Australian forces in the Vietnam War 1962-1975: Wartime Snapshot No. 19

Cover image
Series: Wartime Snapshots
Access a designed version to download or print

The Vietnam War was the longest twentieth century conflict in which Australians participated. It involved some 60,000 Australian service men and women, and more than 1600 Australian civilian personnel. Australian involvement in the war began in 1962 with the arrival of the Australian Army Training Team Vietnam (AATV) in July and August. Personnel from all three services contributed to the war. After the end of combat operations in 1972, a small number of Australian personnel remained in Vietnam, and parts of the RAAF returned in 1975, carrying out evacuations and assisting refugees almost until the moment of South Vietnam's surrender. More than 500 Australians died as a result of the war and over 3000 were wounded.

Background – Operation Massey Harris

The image on the poster shows the evacuation of casualties injured in Operation Massey Harris. Conducted in August and September 1970, the operation aimed to 'find and destroy enemy crop gardens in a large area east of Xuyen Moc in the south-east corner of Phuoc Tuy and neighbouring Binh Tuy province'.

On 29 August – the first day of the operation – an Armoured Personnel Carrier (APC) loaded with soldiers reversed over an anti-tank mine. The explosion threw the vehicle into the air and dropped it onto the rear of a Centurion tank. A South Vietnamese bushman scout was killed instantly and fourteen Australian soldiers and one New Zealander were wounded. Improvements which had recently been made to the APC prevented more severe casualties.

The photograph shows the casualties being evacuated onto a No. 9 Squadron RAAF medical evacuation helicopter. A United States Army dust-off chopper waits in the background to pick up more casualties.

No. 9 Squadron supported every major Australian operation in Vietnam. The squadron undertook more than 200,000 missions: evacuating casualties, inserting and extracting Special Air Service patrols, spraying herbicides and pesticides, dropping leaflets and gathering information.

Operation Massey Harris was part of a strategy to block the enemy's food supply. 'Massey Force' included troops of B Squadron, 3 Cavalry Regiment, supported by a mortar section from 2RAR and infantry of the task force headquarters Defence and Employment Platoon. Men from 8RAR temporarily replaced those injured in the accident on 29 August. Naval gunfire support was provided by a Royal Australian Navy destroyer and two US Navy warships offshore in the South China Sea. When the operation ended on 20 September, 'over 34 hectares of rice, maize and vegetable garden had been destroyed'. While it succeeded in destroying crops and temporarily driving 'production cell' farmers from the area, the inability to maintain a permanent presence in the area meant that farms could be re-established once the operation had ceased.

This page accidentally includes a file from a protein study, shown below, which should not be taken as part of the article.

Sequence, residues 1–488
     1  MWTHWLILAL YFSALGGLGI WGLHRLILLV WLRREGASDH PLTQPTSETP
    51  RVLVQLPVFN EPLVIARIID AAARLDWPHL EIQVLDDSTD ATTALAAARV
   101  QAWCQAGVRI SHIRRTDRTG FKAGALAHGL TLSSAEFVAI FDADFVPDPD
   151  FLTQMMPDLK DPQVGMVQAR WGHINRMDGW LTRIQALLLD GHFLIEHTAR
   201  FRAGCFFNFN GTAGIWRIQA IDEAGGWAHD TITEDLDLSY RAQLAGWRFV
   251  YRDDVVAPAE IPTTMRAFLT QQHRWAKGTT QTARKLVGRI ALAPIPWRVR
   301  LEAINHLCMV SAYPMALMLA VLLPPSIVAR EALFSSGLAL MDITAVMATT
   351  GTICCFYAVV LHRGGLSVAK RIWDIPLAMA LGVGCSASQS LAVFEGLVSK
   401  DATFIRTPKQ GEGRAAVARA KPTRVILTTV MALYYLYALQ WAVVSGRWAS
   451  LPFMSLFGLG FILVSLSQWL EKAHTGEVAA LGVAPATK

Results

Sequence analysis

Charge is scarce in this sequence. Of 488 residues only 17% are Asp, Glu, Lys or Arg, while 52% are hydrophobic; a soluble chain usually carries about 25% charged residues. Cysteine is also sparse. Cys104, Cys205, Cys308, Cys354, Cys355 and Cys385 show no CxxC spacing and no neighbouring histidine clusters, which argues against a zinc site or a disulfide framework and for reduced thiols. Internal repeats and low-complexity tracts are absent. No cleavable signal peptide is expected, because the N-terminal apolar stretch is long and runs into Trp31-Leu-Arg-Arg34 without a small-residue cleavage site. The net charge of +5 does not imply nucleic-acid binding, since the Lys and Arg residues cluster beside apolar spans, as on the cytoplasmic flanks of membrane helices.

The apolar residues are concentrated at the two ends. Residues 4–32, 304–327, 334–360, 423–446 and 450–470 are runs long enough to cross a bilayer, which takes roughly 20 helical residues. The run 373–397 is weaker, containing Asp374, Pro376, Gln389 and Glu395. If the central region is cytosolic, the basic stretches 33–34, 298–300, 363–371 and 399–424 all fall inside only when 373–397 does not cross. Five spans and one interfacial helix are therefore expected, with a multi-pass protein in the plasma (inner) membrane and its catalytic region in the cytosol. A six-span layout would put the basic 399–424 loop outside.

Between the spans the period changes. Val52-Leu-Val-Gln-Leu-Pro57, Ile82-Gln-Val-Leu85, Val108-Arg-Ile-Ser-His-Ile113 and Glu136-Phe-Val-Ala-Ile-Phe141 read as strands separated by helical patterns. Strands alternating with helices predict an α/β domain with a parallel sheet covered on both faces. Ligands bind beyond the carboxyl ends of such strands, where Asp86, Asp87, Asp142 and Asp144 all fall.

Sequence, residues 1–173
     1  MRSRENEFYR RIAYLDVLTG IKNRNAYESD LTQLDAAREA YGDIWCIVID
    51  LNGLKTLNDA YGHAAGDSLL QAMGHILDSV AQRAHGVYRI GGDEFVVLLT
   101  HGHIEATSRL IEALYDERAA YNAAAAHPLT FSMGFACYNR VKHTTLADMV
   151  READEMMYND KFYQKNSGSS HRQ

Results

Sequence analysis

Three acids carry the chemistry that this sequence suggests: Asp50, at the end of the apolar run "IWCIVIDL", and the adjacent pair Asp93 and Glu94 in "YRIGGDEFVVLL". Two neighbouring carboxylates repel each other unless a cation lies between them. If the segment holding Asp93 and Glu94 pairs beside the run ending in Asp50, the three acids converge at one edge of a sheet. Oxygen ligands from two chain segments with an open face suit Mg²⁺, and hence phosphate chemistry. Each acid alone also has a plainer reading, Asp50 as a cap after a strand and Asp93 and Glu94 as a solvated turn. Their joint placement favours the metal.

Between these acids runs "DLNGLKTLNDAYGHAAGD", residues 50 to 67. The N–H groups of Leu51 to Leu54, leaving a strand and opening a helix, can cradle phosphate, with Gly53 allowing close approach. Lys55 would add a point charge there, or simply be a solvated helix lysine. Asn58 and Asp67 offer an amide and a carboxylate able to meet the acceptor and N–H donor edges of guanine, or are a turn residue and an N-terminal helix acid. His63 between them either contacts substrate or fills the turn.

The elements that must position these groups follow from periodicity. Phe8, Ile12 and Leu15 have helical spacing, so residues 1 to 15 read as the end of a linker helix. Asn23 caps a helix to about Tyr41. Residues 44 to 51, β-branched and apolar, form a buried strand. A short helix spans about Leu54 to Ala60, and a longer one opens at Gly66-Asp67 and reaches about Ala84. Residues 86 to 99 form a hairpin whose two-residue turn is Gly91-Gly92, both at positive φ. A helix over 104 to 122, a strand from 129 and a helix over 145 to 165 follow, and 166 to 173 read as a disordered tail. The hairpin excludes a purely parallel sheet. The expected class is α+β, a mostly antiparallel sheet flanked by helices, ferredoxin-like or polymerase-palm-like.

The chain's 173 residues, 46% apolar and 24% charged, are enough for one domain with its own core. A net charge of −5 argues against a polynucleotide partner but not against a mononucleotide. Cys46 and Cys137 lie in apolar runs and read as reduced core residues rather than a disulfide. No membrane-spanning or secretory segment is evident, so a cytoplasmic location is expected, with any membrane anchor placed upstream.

The image used to create the Remembrance Day poster was photographed by Denis Stanley Gibbons in August 1970. (Australian War Memorial P04666.023)

  • Australian War Memorial, No. 9 Squadron RAAF, viewed 5 July 2016,
  • Australian War Memorial, Vietnam War 1962–75, viewed 5 July 2016,
  • Department of Veterans' Affairs, Vietnam Nominal Roll, viewed 5 July 2016,
  • Ekins, Ashley with Ian McNeill, Fighting to the Finish: The Australian Army and the Vietnam War, 1968–1975, Sydney: Allen & Unwin, in association with the Australian War Memorial, 2012.

Teaching Activities

Department of Veterans’ Affairs: Australia’s involvement in the Korean War

Q1: Look at the image. Describe the actions, people and objects. What can you conclude about the geography and climate in Vietnam?

Q2: Describe the uniform the soldiers are wearing (shape, design, fabric). How does it differ from what Australian servicemen wore in earlier conflicts?

Q3: Look at the images in the poster and on this page (P00592.007 & P04666.023 in the AWM collection). Discuss the risks that the people in the images were facing.

Q4: What was Operation Massey Harris trying to achieve? What was the rationale behind this strategy? What was the cost and to whom?

Q5: Watch the interviews and story of Alastair Bridges on the Anzac Portal.
The helicopter has become an icon of the Vietnam War. It was the first conflict in which helicopters were used extensively, providing support in a variety of roles. What were some of the tasks that helicopters and their crews performed? What difficulties and dangers would the crews have faced in Vietnam?

Q6: Iroquois (UH-1 Huey) became known as the ‘workhorse of the Vietnam War’. What does this mean?

Q7: Watch the film ‘To Save a Soldier: Medical Air Evacuation’ (AWM F02716). What does the expression ‘dust-off’ mean?

Q8: How did medical teams evacuate casualties in earlier conflicts?

Q9: During the Vietnam War casualty survival was significantly improved in comparison with previous conflicts. What reasons might there be for this?

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